'Crisis Core Reunion' Is a Remaster That Feels Like a Full Remake — Our First Impressions
Is 'Crisis Core: Final Fantasy VII Reunion' a remaster or a remake? The game features a number of quality of life improvements and combat changes.
For fans of the highly-influential Final Fantasy VII, the world of Midgar has already shifted drastically. Following the substantially-different ending to the otherwise critically acclaimed Final Fantasy VII Remake, the stage is being set for Cloud Strife and his ragtag group of environment extremists to set off on a brand new adventure. But every journey has a beginning, which means that Crisis Core: Final Fantasy VII is getting its own makeover.
Originally released between 2007 and 2008 on the PSP, Crisis Core reveals the origins of Cloud's closest companion and decorated SOLDIER operative Zack Fair. It also focuses on the tragic backstory behind series antagonist Sephiroth and sets forward the overall story of Final Fantasy VII into motion.
Crisis Core is getting its own update with the release of Crisis Core: Final Fantasy VII Reunion. But is the game a remake or a remaster? We got our hands on a short demo, so here's our scoop.
Is 'Crisis Core: Final Fantasy VII Reunion' a remaster or a remake?
Distractify was recently able to get some hands-on time with Crisis Core Reunion in a 20-minute demo that offered a deep and extensive look into combat. Longtime fans of the series will remember the original's gameplay, in which your commands were all organized into a single line on your UI that you had to scroll through. The execution of your Limit Breaks was determined by the Digital Mind Wave, a spinning roulette that players couldn't control in terms of which attack you wanted to use.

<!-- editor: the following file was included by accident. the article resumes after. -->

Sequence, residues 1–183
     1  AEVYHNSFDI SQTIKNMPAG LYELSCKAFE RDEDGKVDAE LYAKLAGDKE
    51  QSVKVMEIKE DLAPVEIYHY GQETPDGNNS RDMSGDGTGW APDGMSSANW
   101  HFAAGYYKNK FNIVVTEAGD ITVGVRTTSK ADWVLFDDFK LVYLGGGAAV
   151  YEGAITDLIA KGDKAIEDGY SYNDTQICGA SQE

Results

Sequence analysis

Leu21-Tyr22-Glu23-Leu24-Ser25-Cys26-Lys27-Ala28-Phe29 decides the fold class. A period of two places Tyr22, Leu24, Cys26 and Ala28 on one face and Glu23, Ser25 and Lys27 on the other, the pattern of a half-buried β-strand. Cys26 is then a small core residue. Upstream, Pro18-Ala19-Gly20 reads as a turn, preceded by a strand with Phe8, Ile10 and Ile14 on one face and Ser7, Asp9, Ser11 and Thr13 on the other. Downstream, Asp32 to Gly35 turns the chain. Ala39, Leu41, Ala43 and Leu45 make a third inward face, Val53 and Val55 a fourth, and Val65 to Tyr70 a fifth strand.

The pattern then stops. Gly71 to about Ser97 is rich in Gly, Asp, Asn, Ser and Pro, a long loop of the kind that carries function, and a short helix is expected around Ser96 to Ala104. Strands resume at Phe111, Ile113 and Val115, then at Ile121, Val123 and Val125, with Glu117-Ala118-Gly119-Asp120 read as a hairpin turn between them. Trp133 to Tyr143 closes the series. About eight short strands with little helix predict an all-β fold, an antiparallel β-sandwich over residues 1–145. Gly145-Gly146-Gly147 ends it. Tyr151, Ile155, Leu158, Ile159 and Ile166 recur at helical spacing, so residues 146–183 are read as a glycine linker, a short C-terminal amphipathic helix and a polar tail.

For all intents and purposes, Crisis Core Reunion is meant to be a remaster of the original game that is updated and tuned for modern consoles. But the visuals, combat, and new voice cast bring so much new life to the game, that you could easily mistake it for a top-to-bottom remake.
Combat feels more action-oriented, and Zack's basic attacks come out quickly and fluidly to create exhilarating combos. While items still appear on your main menu, your Magic and Attack techniques can now be relegated to different shortcuts thanks to an expanded control scheme. You can easily chain your basic attacks into other moves without disrupting the flow of your hack-and-slash combat.
Speaking of disrupting the flow of combat, the original game's DMW was a point of contention for many players, having taken up the whole screen and interrupting combat to execute a move. Reunion's DMW not only doesn't take up the whole screen to show the roulette, but players now have the mid-combat option to execute a Limit Break with a simple button press. That means no more having to sit through the roulette while you're slicing up monsters.
In a July 2022 interview with GameSpot, the development team on Crisis Core Reunion stated that they wanted to make "something close to Final Fantasy VII Remake" in terms of adjusting combat. This demo makes it clear that the team at Square Enix truly made good on that promise in updating the game for modern gamers.
The game feels so much more than a simple remaster thanks to these updates. It may as well be a new game all on its own.
Crisis Core: Final Fantasy VII Reunion comes out on all major gaming consoles on Dec. 13.